But the likelihood that an antigen test would agree with a positive PCR test increased along with the specimens’ viral load. When a positive PCR test’s cycle threshold value was less than 30, suggesting a higher viral load, BinaxNOW was positive 75% of the time, Allan-Blitz and Klausner found.
The authors noted that they saw a lower frequency of SARS-CoV-2 antigen detection in people with positive PCR tests than Abbott’s clinical trials did. For example, in a clinical trial of 52 people who tested themselves or their child with BinaxNOW and also were tested with PCR, 91.7% of those positive with PCR were also positive with BinaxNOW. Unlike the people in Allan-Blitz and Klausner’s study, though, all the Abbott trial participants were symptomatic and tested within 7 days of becoming sick—before their viral loads fell too low for the antigen test to detect—which could help explain why the level of agreement with PCR was so high.
Even with in-person guided instruction, BinaxNOW’s sensitivity was lower when people swabbed their own nose or their child’s nose than when a trained staff person collected the specimen, found another recent study comparing the antigen test with PCR in symptomatic individuals.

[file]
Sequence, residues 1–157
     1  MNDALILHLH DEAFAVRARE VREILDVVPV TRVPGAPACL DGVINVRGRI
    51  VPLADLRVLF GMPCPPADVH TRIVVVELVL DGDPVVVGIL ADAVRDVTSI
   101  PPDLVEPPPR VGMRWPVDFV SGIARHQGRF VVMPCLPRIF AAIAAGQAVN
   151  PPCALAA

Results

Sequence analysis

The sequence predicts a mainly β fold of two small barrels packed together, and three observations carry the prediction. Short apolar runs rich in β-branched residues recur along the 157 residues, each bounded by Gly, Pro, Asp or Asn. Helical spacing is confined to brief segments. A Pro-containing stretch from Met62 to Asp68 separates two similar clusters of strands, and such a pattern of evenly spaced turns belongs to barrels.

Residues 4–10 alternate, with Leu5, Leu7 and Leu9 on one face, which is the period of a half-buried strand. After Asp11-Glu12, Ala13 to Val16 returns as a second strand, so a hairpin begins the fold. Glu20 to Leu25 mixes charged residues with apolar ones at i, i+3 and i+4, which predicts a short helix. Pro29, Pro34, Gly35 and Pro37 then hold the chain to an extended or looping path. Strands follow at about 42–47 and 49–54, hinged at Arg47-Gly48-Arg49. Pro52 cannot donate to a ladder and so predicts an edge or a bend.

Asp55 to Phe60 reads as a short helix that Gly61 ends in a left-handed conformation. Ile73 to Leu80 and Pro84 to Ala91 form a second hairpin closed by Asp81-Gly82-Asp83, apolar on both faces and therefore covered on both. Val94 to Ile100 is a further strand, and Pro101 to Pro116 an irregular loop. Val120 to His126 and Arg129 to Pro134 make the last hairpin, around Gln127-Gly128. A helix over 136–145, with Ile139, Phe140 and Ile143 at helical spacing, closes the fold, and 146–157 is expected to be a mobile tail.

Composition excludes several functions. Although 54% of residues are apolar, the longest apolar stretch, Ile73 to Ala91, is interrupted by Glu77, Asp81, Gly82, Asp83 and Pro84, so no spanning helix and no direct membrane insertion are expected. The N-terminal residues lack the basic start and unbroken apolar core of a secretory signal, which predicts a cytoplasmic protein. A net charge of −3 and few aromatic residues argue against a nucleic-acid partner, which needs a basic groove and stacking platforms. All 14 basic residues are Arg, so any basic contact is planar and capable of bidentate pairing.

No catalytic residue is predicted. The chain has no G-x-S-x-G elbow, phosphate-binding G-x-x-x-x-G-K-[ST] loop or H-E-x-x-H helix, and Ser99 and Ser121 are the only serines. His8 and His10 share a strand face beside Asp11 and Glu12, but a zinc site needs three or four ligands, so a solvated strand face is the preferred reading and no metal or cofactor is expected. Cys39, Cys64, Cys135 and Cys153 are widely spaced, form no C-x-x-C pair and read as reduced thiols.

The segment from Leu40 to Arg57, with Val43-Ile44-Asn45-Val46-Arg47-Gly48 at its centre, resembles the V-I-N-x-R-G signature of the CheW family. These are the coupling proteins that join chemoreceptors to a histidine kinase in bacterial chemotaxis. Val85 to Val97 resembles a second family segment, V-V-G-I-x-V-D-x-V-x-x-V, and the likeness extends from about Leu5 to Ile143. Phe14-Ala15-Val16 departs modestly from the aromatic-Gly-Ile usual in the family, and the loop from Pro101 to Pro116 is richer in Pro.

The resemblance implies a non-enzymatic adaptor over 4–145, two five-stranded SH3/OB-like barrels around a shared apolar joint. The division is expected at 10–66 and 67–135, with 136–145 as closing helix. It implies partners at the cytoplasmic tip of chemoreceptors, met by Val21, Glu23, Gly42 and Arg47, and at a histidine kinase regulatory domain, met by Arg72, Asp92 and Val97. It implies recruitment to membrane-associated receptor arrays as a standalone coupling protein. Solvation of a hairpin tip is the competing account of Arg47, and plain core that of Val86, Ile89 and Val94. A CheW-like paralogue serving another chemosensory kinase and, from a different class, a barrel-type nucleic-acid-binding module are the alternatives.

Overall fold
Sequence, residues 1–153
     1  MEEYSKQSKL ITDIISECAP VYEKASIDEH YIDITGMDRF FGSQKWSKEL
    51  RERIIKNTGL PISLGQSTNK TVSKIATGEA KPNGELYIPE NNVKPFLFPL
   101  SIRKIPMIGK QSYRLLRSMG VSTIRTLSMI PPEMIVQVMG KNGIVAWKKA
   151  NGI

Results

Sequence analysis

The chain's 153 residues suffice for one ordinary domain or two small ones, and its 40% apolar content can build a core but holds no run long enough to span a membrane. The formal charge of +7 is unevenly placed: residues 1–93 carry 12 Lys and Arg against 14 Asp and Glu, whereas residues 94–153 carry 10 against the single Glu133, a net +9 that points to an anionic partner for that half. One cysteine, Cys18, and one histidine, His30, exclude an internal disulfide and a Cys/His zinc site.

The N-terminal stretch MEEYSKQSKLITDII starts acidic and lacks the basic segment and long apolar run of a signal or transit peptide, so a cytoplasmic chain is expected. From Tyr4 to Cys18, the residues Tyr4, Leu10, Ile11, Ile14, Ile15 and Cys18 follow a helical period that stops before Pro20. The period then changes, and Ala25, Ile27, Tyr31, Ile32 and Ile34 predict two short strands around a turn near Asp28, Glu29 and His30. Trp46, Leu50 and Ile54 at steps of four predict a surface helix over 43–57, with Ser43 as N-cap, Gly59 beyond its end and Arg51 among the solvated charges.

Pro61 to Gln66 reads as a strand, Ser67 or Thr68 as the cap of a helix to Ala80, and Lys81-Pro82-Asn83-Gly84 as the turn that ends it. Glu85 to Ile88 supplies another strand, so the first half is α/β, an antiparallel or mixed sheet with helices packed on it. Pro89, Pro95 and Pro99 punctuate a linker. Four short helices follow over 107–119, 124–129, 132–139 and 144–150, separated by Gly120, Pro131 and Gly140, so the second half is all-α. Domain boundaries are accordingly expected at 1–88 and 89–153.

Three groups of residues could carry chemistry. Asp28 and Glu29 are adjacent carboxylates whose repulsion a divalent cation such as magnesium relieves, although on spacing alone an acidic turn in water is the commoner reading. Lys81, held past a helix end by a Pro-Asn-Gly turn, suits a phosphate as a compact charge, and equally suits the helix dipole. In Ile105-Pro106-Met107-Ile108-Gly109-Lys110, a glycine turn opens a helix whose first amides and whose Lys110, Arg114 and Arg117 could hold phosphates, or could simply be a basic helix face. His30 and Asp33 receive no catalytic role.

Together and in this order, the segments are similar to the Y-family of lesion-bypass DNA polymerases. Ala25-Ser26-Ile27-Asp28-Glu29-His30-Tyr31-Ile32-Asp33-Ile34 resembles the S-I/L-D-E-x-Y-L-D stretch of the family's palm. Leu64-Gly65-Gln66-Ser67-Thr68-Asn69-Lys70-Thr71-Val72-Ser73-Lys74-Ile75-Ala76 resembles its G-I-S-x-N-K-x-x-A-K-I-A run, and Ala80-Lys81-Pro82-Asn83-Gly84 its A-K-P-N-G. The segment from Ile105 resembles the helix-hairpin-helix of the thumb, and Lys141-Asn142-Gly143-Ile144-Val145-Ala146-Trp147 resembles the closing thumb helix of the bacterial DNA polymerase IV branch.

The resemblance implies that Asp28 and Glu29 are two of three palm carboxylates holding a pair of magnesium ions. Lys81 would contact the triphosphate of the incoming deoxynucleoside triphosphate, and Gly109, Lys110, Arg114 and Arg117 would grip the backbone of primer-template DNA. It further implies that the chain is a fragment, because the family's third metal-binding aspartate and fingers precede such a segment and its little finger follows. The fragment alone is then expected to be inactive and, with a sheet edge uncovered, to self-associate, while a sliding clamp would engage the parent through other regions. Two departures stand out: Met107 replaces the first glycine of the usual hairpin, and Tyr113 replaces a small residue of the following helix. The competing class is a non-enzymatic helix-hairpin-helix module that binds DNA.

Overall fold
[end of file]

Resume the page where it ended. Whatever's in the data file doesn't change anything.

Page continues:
When staff swabbed 297 people’s noses, BinaxNOW detected 74% of the infections that PCR identified. But when 44 people collected their own specimen or their child’s, BinaxNOW’s agreement with PCR tests dropped to 57%. Like the Allan-Blitz and Klausner study, this one also found that BinaxNOW was more likely to agree with positive PCR tests that had lower cycle threshold values.
Probably the biggest variable with at-home tests is how adept people are at swabbing their noses to collect specimens for testing, coauthor Greg Martin, MD, said in an interview. “They don’t have a great sense of how much to collect, how deep to push.”
BinaxNOW and other over-the-counter rapid antigen tests offer how-to videos, and “the instructions themselves are actually quite good,” noted Martin, professor of pulmonary, allergy, critical care, and sleep medicine at Emory University.
Timing of testing could also play a role in whether antigen tests detect an infection, he said. “Viral load changes over the course of the disease,” Martin explained. “If your exposure was yesterday, testing the next day does not make sense.”
On the other hand, testing too long after symptom onset or possible SARS-CoV-2 exposure could result in a false negative because of a diminished viral load. The BinaxNOW fact sheet for health care professionals indicates that specimens collected from SARS-CoV-2–infected patients who’ve had symptoms for more than 5 days may be more likely to have a negative antigen test result than a negative PCR test result. “Negative results should be treated as presumptive and confirmed with a molecular [PCR] assay, if necessary, for patient management,” according to the fact sheet.